Archive for Lubitsch

The Empty Bride

Posted in FILM with tags , , , , , on April 10, 2017 by dcairns

“An eerie image,” I observed of this shot in Lubitsch’s MONTE CARLO (1930).

“Yeah, an empty bride,” said Fiona.

Bring on the empty brides!

This is one of Lubitsch’s early operetta films and it has a lot to commend it. The empty bride is discovered by extruded turtle/shaved deerhound Claud Allister, who’s expecting to marry Jeanette MacDonald, not a wraith. We then cut to Jeanette catching a train in just a coat and her undies. When the ticket collector expresses surprise, she says “I’ve just come from a wedding,” by way of explanation. To my delight, the ticket man is former silent comic Billy Bevan, Uncle Arn from CLUNY BROWN (my favourite Lubitsch).

It takes a while for an explanation to emerge. Jeanette was on the verge of marrying Allister for his money, except that the dress didn’t fit, which suddenly gave her pause, and caused her to run away (for the third time, in fact) while she had the chance. (Lubitsch’s films with JM nearly always begin with her in undies.)

This is really good writing — the image of the abandoned dress — the image of the fugitive in scanties — the jokes with the discombobulated ticket man — finally, once we’re properly interested, but so entertained we hardly require an explanation, the explanation. Which element came first?

Christmas Come Early

Posted in FILM with tags , , , , , , , on December 24, 2014 by dcairns

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From Eureka! Masters of Cinema, an exciting parcel —

First, DIARY OF A LOST GIRL comes with a video essay by yours truly, NAKED ON MY GOAT, narrated by my fragrant wife, Fiona Watson (a Louise Brooks obsessive from way back).

Next up, Lubitsch’s MADAME DUBARRY, supported by his first film as director, ALS ICH TOT WAR (WHEN I WAS DEAD). This comes with a pair of text essays by myself, entitled Who Wants to be a Milliner? and Lubitsch’s Brew, featuring a shout-out to deceased cinephile and official Strange Phenomenon F. Gwynplaine MacIntyre. Oddly, the shambolic, hammy and disjointed early work was a lot easier and more fun to write about than the more accomplished historical epic, but both are essential for Lubitsch aficionados.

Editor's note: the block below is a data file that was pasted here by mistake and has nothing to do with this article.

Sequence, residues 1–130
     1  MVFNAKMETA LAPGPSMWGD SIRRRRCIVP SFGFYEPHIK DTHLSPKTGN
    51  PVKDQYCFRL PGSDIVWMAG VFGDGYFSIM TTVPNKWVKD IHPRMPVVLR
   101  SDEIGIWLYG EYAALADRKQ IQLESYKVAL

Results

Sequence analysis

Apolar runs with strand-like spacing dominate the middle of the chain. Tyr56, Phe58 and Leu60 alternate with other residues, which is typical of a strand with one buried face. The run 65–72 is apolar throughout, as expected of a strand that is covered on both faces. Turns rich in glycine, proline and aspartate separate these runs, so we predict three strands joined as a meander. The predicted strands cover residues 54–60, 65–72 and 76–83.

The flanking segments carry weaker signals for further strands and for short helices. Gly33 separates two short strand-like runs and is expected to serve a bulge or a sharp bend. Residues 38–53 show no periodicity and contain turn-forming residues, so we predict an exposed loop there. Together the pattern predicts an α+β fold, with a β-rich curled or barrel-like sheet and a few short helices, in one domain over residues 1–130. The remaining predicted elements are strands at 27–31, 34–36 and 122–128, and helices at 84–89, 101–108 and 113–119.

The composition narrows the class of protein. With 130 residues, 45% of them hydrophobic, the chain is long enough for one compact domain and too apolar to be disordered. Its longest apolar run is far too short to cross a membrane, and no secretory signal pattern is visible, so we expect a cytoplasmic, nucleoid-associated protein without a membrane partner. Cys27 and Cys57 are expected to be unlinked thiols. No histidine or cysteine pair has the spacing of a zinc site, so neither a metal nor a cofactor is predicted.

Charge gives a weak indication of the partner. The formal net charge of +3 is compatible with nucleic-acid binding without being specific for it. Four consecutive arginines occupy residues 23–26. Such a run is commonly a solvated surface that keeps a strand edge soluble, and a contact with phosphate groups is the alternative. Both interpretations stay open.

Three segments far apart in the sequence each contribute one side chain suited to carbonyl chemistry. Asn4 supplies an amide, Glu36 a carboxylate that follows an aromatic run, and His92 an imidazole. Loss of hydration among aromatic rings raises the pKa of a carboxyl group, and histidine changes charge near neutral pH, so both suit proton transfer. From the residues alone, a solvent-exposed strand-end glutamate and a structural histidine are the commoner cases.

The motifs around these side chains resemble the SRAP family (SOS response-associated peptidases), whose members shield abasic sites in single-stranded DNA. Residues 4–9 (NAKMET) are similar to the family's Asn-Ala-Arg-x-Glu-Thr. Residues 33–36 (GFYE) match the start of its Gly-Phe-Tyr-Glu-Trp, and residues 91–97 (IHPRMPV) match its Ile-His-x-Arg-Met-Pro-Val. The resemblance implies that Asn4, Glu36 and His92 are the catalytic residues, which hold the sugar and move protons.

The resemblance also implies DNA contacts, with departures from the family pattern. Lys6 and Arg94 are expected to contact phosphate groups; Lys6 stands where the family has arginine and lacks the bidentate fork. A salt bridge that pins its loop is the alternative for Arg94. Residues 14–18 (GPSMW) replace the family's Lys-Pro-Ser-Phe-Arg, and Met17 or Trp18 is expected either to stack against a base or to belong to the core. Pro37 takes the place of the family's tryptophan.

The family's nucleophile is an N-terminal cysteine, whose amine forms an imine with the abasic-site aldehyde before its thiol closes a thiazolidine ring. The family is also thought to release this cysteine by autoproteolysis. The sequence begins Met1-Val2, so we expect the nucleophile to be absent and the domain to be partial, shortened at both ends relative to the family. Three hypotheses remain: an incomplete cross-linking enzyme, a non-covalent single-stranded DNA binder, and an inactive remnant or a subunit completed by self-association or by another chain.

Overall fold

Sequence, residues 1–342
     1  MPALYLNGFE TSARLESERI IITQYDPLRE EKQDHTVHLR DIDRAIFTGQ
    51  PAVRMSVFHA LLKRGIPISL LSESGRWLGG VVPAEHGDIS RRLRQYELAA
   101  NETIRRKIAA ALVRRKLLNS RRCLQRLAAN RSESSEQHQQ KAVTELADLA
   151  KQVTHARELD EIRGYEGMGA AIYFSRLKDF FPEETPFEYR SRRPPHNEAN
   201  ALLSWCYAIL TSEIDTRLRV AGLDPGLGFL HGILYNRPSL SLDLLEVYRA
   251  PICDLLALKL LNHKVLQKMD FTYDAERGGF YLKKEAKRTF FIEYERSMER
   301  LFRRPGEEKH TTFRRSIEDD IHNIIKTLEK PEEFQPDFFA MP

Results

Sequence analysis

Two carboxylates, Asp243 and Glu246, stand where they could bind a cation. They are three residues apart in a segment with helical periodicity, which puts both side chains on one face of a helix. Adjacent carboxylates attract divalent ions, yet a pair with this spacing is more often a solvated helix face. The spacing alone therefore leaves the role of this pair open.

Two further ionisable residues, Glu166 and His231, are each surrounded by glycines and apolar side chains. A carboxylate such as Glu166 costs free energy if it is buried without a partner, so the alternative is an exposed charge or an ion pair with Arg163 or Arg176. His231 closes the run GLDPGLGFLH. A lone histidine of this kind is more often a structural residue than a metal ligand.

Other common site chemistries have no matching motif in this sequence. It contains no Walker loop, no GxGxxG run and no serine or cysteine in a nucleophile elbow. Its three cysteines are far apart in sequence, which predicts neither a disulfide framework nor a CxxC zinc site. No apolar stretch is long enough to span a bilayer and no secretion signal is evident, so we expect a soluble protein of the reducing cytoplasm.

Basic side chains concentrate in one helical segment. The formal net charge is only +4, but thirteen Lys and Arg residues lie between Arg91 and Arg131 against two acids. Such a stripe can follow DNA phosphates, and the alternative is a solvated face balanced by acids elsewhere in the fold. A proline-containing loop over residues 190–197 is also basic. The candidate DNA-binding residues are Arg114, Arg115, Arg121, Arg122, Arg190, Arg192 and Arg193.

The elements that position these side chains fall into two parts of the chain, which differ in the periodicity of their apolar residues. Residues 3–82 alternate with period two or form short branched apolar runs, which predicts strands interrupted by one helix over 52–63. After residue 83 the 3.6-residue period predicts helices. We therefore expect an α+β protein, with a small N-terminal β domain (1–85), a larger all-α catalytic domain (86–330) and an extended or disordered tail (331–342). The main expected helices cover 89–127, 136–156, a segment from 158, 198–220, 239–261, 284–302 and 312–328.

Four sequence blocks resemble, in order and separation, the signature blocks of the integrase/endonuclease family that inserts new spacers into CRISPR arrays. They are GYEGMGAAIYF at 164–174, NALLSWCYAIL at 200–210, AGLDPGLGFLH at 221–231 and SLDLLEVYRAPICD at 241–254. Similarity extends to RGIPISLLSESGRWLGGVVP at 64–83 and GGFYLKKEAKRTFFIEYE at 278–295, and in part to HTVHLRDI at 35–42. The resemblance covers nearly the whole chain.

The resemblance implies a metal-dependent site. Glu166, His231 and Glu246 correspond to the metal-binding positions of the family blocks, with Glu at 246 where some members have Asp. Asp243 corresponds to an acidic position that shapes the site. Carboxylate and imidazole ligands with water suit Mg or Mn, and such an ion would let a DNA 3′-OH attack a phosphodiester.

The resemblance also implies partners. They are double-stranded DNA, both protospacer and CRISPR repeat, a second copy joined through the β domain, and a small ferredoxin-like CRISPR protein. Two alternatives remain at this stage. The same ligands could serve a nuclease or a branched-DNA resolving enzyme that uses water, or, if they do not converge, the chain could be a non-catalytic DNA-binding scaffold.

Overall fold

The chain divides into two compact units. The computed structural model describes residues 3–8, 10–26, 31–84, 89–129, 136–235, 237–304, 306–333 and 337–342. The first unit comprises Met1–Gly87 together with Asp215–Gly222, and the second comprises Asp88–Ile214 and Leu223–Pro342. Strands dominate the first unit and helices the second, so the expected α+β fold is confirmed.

These were delivered yesterday along with a couple of extra free gifts which may get viewed and written about sometime during the forthcoming “daft days.” Watch this space.

Both packages are “dual-format,” offering DVD and Blu-Ray versions and can be purchased from the evil tax-avoiding conglomerate Amazon.

Diary of a Lost Girl [Masters of Cinema] Dual Format (Blu-ray & DVD)

MADAME DUBARRY [Masters of Cinema] (1919) [Blu-ray]

Grand Hotel

Posted in FILM, literature, Politics with tags , , , , , , , , , , , , , , , , , , , on March 12, 2014 by dcairns

The Grand Budapest Hotel

My friend Stephen Murphy worked on the makeup for the aged Tilda!

To the 100-year-old Cameo Cinema to see THE GRAND BUDAPEST HOTEL. They were also showing INSIDE LLEWYN DAVIS. You wait ages for a movie with F. Murray Abraham in a roll-neck sweater and then two come along at once.

I liked MOONRISE KINGDOM more than any other Wes Anderson film (though I still haven’t caught up with BOTTLE ROCKET which some people like best of all, considering everything subsequent to be an ever-downward spiralling into bloodless mannerism, which is a point of view) and I liked FANTASTIC MR FOX before that more than everything before that, so there was evidence that he was on a roll. I didn’t like this one as much as those but I enjoyed it. There was a slightly uncomfortable quality though.

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The art direction and look are as finicky and perfectionist as ever — I don’t dislike that so that’s fine. And he does vary the screen ratio, the font and even the lens I think on this one (unless all those zooms are all CG fake, which is possible), so in a superficial way we have to say he’s progressing artistically. I’ll come to the more thematic progress in a moment.